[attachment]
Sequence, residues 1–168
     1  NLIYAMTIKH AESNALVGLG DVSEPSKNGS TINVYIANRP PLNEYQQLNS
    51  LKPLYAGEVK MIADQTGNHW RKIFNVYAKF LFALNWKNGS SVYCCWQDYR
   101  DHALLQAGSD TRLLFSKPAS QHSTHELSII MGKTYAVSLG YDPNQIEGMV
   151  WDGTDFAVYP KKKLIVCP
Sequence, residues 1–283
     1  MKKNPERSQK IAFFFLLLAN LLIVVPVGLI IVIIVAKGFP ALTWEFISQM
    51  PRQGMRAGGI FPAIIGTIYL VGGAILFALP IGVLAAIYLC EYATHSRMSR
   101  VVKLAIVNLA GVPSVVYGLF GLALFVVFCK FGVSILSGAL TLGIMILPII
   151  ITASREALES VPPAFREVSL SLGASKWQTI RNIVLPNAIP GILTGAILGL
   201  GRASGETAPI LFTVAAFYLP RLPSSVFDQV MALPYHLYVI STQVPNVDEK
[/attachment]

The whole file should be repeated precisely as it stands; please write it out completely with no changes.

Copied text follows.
Sequence, residues 1–168
     1  NLIYAMTIKH AESNALVGLG DVSEPSKNGS TINVYIANRP PLNEYQQLNS
    51  LKPLYAGEVK MIADQTGNHW RKIFNVYAKF LFALNWKNGS SVYCCWQDYR
   101  DHALLQAGSD TRLLFSKPAS QHSTHELSII MGKTYAVSLG YDPNQIEGMV
   151  WDGTDFAVYP KKKLIVCP
Sequence, residues 1–283
     1  MKKNPERSQK IAFFFLLLAN LLIVVPVGLI IVIIVAKGFP ALTWEFISQM
    51  PRQGMRAGGI FPAIIGTIYL VGGAILFALP IGVLAAIYLC EYATHSRMSR
   101  VVKLAIVNLA GVPSVVYGLF GLALFVVFCK FGVSILSGAL TLGIMILPII
   151  ITASREALES VPPAFREVSL SLGASKWQTI RNIVLPNAIP GILTGAILGL
   201  GRASGETAPI LFTVAAFYLP RLPSSVFDQV MALPYHLYVI STQVPNVDEK